PhD in Anthropology and Sociology
Within international and development studies, anthropology and sociology are indispensable for the comparative study of global concerns in both margins and centres of power and across their boundaries. The PhD in Anthropology and Sociology aims to provide students with theoretical perspectives and methodological tools to explore the social and cultural systems that influence, and are influenced by, policy interventions, especially – but not exclusively – in the field of development and international affairs.
Our four-year doctoral programme is tailored to students with a strong commitment to anthropology and sociology and a demonstrated capacity for independent research. Through the foundational doctoral seminar, a weekly departmental seminar series and further opportunities to participate in cross-departmental colloquia, we offer a vibrant and welcoming intellectual community for PhD students. During their doctoral studies, candidates will obtain 24 course credits and defend a preliminary thesis dissertation before completing fieldwork and writing their doctoral thesis.
The Department of Anthropology and Sociology offers a fast track entry to our doctoral programme on an exceptional basis. A student may be considered for a fast track position if he or she has substantial prior training in Anthropology and/or Sociology (for instance, a BA in either discipline) and has demonstrated excellence in our master’s programme. In general, we encourage students to follow our full MA programme of coursework and training before applying to the doctoral programme. We are convinced that this allows them to profit most from our unique approach to the major global issues of our time and to carry out their own empirical research based on the solid theoretical and methodological training that we offer as a Department.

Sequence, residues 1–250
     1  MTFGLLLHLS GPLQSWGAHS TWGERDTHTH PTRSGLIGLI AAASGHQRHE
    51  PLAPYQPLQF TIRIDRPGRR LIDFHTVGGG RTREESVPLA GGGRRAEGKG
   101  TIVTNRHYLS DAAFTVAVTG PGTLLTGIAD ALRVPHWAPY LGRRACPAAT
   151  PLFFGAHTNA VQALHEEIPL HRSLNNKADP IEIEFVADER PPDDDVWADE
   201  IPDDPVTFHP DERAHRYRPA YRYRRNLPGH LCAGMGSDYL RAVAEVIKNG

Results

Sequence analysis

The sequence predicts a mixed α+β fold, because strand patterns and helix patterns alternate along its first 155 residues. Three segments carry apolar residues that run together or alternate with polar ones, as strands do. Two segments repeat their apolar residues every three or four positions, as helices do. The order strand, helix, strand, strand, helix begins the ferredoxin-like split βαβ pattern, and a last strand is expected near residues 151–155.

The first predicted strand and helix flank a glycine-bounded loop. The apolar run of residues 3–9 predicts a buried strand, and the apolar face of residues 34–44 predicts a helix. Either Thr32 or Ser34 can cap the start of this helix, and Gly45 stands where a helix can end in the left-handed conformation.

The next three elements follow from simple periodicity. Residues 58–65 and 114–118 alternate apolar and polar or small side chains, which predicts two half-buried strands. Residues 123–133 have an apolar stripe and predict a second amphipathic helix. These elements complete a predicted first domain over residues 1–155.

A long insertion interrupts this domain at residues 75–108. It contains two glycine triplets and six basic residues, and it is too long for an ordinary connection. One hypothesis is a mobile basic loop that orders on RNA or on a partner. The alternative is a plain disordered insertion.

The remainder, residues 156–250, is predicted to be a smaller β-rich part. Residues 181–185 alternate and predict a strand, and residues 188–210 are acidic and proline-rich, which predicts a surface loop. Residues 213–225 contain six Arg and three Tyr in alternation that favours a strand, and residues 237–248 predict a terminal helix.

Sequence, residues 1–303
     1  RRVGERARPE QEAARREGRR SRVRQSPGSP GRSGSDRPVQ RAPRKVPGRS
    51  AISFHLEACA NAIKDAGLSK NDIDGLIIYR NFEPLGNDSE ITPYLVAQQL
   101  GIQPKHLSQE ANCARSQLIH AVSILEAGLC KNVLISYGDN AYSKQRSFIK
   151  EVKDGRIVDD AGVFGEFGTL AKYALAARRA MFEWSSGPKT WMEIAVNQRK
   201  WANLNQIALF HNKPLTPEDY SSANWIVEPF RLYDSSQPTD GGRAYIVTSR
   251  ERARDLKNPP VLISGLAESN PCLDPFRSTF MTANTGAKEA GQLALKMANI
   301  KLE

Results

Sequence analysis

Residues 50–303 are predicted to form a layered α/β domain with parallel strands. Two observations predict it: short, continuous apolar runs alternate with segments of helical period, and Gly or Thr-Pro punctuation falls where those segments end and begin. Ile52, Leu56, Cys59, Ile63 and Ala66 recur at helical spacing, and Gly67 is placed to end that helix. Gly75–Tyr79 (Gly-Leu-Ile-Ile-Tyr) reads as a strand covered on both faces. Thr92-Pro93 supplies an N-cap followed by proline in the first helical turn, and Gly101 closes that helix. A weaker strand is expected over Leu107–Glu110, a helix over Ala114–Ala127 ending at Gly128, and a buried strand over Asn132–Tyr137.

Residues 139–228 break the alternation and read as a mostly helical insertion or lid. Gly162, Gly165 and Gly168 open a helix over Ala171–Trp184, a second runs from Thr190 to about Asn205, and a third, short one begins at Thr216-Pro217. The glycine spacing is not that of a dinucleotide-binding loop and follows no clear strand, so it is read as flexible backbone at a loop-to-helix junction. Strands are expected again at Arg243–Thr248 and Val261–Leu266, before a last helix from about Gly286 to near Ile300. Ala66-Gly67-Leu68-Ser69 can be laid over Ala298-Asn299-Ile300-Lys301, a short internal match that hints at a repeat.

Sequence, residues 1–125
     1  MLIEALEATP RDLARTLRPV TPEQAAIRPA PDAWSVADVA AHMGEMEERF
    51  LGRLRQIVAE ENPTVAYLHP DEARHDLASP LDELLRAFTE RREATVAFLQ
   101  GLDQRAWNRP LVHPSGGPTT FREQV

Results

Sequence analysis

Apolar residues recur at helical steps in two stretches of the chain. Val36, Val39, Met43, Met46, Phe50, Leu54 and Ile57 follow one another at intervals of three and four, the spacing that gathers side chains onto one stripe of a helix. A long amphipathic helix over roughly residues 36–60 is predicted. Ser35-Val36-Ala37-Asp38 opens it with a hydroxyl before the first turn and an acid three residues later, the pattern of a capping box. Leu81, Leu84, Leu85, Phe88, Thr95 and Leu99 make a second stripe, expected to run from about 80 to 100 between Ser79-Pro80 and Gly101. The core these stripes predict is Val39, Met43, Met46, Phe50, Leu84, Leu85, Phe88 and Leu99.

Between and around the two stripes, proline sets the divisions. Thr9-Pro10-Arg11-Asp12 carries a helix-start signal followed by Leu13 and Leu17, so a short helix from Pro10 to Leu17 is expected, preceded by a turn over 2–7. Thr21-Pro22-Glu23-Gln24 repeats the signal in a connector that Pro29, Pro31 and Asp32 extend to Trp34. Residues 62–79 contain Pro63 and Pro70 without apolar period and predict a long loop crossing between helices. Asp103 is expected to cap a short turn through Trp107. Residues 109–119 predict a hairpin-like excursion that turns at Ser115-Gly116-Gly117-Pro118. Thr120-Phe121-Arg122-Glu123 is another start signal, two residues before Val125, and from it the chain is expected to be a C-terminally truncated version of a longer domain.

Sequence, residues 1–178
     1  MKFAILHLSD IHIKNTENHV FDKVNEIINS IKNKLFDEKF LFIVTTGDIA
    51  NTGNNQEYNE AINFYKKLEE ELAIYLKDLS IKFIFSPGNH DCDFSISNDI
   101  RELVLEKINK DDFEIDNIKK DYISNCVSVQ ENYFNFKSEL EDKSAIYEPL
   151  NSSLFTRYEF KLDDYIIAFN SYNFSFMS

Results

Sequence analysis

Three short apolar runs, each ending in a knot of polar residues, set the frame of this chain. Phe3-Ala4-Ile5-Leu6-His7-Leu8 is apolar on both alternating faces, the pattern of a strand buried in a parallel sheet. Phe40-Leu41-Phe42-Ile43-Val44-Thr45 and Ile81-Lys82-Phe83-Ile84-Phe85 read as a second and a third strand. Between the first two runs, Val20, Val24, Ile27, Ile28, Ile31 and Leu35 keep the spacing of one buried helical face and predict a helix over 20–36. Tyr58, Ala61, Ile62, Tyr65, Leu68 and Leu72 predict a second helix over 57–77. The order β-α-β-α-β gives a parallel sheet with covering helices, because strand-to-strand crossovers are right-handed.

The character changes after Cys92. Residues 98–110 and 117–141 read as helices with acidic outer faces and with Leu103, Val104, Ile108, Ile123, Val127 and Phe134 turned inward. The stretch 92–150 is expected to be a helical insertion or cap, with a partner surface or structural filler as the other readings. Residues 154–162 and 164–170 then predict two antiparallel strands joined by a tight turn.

The Graduate Institute offers competitively awarded funding for PhD students through scholarships and teaching assistant positions. In addition, a number of our students have been successful in obtaining funding for their studies through external grants, such as the Swiss government’s Doc.CH grants. Emphasising theoretical innovation along with empirically grounded research, the PhD programme prepares students for an academic career or for research-oriented positions in the public, private or nonprofit sectors. Recent PhD graduates from our programme are pursuing postdoctoral research at the University College London and the Max Planck Institute in Göttingen.
- 2 compulsory courses (12 credits)
- 2 elective courses (12 credits)
- Preliminary thesis dissertation (30 credits)
- Option to choose a minor in another discipline (18 credits)
Total of 54 credits or 72 (with minor)